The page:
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Security News, Exploits, and Vulnerabilities.

Mobile apps and stealing a connected car

The concept of a connected car, or a car equipped with Internet access, has been gaining popularity for the last several years. By using proprietary mobile apps, it is possible to get some useful features, but if a car thief were to gain access to the mobile device that belongs to a victim that has the app installed, then would car theft not become a mere trifle?

Expensive free apps

Fraudulent apps trying to send Premium SMS messages or trying to call to high rate phone numbers are not something new. It is much more interesting to talk about how certain groups bypass detection mechanisms such as those used by Google Play, since this has become difficult to achieve in the past few years.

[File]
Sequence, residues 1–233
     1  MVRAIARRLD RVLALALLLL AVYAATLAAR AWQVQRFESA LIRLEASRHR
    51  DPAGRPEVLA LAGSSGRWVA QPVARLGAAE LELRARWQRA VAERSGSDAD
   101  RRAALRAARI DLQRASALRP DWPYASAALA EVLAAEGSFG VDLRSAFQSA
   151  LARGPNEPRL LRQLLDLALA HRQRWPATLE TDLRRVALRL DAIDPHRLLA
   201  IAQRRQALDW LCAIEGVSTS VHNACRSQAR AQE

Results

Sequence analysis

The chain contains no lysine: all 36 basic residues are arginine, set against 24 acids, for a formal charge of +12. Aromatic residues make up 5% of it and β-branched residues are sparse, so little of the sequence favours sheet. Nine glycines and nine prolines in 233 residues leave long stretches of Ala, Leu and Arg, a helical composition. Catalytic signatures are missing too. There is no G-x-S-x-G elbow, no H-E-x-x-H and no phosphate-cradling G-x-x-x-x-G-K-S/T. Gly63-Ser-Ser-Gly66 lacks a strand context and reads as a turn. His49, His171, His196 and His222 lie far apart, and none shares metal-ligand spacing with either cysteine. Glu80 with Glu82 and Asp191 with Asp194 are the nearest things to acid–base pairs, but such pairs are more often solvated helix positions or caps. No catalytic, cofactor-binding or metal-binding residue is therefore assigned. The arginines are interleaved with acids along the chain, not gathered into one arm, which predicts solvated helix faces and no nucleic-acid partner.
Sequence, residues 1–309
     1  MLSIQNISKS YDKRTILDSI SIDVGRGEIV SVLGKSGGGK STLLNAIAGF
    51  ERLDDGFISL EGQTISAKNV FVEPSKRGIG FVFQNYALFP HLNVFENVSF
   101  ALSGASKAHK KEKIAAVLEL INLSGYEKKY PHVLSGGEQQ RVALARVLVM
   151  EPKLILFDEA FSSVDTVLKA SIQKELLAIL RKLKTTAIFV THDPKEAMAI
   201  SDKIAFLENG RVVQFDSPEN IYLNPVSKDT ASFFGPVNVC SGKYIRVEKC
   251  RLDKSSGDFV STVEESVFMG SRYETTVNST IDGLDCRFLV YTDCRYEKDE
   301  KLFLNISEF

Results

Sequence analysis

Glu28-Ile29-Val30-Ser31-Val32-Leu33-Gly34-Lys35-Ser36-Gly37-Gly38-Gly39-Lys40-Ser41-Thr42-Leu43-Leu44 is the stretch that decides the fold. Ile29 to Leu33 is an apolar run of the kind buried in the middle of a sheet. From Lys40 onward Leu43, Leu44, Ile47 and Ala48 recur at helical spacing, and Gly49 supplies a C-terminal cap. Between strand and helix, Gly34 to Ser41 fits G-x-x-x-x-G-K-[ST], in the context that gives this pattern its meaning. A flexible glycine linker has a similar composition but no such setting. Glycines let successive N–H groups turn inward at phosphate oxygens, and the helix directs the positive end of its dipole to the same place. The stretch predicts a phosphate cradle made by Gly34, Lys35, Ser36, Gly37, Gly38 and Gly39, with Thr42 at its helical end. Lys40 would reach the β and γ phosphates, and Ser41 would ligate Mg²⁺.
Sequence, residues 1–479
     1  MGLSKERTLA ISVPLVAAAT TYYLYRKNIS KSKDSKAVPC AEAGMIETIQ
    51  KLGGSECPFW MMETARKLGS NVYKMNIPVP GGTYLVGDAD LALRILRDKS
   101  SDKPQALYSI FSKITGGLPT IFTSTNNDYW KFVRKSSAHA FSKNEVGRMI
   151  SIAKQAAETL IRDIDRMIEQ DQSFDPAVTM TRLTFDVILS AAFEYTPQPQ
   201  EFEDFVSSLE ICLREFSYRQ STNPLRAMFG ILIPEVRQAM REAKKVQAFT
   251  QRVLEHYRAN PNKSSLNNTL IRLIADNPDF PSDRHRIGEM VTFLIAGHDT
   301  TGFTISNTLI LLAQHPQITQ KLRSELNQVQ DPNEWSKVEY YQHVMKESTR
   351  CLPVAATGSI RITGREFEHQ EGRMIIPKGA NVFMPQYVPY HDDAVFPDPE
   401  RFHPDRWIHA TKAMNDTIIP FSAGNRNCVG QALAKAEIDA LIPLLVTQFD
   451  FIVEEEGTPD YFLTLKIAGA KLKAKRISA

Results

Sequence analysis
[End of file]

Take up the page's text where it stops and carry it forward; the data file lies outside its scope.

Gugi: from an SMS Trojan to a Mobile-Banking Trojan

In the previous article, we described the mechanisms used by Trojan-Banker.AndroidOS.Gugi.c to bypass a number of new Android 6 security features. In this article, we review the entire Gugi mobile-banking Trojan family in more detail.

The Evolution of Acecard

After analyzing all the known malware modifications in Acecard family, we established that they attack a large number of different applications. In particular, the targets include nine official social media apps. Two other apps are targeted by the Trojan for their credit card details. But most interestingly, the list includes nearly 50 financial apps and services.

SMS Trojan bypasses CAPTCHA

Trojan-SMS.AndroidOS.Podec proved to be remarkable: it can send messages to premium-rate numbers employing tools that bypass the Advice of Charge system. It can also subscribe users to premium-rate services while bypassing CAPTCHA.

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